Umbo CV raises $2.8M seed to create smart security cameras that prevent crimes

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Umbo CV has raised a $2.8 million seed round for its security cameras, which use artificial intelligence to identify suspicious activity and prevent crimes before they happen. The Taipei- and San Francisco-based startup’s funding was led by AppWorks Ventures, with participation from Mesh Ventures, Wistron Corporation, and Phison Electronics.

The two-year-old startup has already shipped its system—including cameras and a cloud-based management platform—to clients in Dubai, the United States, and Europe, and will begin mass manufacturing next month. Co-founder and chief executive officer Shawn Guan says Umbo CV has also received $1.4 million in pre-orders and letters of intent from other customers. Its funding will be used for research and hiring.

Other members of Umbo CV’s founding team include chief technology officer Ping-Lin Chang and chief scientist Tingfan Wu, who both hold doctoral degrees in robotic vision. It hopes to add more artificial intelligence researchers to its team in Taipei.

Before launching Umbo CV in 2014, Guan spent more than seven years working in the surveillance technology industry. He tells TechCrunch that Umbo CV was created because he wanted to focus on something besides developing high-definition videos, which many companies use as their chief selling point.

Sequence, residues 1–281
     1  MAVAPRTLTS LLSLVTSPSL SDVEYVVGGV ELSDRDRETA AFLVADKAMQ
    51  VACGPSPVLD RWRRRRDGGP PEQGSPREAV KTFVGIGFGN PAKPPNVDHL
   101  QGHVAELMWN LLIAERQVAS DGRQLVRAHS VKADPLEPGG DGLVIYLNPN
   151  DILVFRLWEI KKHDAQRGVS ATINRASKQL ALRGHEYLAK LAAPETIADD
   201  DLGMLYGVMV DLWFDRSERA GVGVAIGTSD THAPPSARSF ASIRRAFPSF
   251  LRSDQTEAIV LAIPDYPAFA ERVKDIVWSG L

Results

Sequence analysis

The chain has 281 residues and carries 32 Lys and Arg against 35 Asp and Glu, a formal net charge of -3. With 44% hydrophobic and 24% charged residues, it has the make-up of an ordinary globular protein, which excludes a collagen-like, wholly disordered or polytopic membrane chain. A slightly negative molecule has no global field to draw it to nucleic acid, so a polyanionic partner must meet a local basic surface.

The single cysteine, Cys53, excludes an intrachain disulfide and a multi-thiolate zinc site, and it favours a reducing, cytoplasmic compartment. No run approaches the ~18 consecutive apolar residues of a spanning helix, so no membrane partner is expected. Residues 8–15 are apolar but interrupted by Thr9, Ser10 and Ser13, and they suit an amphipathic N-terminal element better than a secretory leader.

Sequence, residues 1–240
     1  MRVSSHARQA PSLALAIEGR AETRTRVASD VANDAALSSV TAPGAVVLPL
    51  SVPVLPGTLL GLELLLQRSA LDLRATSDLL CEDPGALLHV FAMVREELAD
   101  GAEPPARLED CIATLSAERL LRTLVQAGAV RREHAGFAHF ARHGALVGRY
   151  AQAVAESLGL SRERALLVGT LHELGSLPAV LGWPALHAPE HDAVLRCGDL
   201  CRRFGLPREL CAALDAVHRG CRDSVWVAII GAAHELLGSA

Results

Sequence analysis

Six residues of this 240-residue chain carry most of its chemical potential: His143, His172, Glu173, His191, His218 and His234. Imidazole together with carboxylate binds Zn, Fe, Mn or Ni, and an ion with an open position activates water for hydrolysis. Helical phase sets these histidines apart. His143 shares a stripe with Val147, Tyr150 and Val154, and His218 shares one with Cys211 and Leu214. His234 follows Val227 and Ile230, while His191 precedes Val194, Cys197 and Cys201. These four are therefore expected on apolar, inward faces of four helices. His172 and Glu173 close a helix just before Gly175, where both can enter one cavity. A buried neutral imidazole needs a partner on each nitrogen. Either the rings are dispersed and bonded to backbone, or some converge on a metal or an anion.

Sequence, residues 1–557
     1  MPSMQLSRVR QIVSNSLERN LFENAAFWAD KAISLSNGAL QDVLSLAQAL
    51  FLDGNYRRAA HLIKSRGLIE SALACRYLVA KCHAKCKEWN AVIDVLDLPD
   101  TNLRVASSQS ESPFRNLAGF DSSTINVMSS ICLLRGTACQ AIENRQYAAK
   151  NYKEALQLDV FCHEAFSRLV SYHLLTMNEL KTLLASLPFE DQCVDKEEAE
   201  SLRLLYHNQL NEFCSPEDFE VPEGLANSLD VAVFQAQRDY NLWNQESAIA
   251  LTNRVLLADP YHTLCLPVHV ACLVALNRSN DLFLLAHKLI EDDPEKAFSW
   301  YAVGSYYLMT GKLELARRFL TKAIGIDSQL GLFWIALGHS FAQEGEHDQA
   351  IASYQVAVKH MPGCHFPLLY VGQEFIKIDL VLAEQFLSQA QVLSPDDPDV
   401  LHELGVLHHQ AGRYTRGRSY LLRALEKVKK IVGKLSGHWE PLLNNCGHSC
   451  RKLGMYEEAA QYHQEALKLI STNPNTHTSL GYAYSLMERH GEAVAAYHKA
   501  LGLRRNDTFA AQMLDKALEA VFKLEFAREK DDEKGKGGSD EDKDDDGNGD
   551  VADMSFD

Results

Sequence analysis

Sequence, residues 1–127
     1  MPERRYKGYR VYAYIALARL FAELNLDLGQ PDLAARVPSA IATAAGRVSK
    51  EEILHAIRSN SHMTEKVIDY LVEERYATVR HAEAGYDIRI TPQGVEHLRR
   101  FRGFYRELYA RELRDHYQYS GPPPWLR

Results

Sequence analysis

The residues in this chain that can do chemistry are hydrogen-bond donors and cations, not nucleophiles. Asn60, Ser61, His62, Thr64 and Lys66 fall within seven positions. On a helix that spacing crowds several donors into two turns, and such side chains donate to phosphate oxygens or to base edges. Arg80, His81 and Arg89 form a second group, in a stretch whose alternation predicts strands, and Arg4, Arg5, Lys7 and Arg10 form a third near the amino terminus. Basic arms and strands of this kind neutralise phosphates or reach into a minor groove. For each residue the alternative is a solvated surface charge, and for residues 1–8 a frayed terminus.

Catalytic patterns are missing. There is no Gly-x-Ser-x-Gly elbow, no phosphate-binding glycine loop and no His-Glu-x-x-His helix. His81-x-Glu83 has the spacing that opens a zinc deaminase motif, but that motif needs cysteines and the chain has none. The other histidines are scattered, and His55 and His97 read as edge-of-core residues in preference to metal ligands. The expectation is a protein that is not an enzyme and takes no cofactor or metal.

“That doesn’t help customers solve problems in the security industry, because it can only give you high-quality video after the event has occurred. If someone gets hurt, we can show clients a better video, but that didn’t stop someone from being hurt,” he says.

“In the industry, I got frustrated with spending so much money in building infrastructure but not getting a lot out of it. People still get away with crimes, so we have to find a way to solve it.”

As Umbo CV grows, it will face competition from manufacturers such as Huawei and Seagate, which are working on smart security cameras, and systems like AISight. Umbo CV wants to differentiate by building algorithms that combine images from multiple cameras and scan them for anomalies (for example, a car driving against traffic or someone scaling a wall).

Guan claims that is more effective than the geometric models used by some rival AI systems. Geometry-based intelligence scan for things like someone holding up an object that may be a weapon—but, of course, can also just be a wallet or something equally innocuous.

By scanning for anomalies, Umbo CV’s AI “doesn’t necessarily know what kind of event it is, but it knows what is not normal so we can point it out to security officers,” says Guan.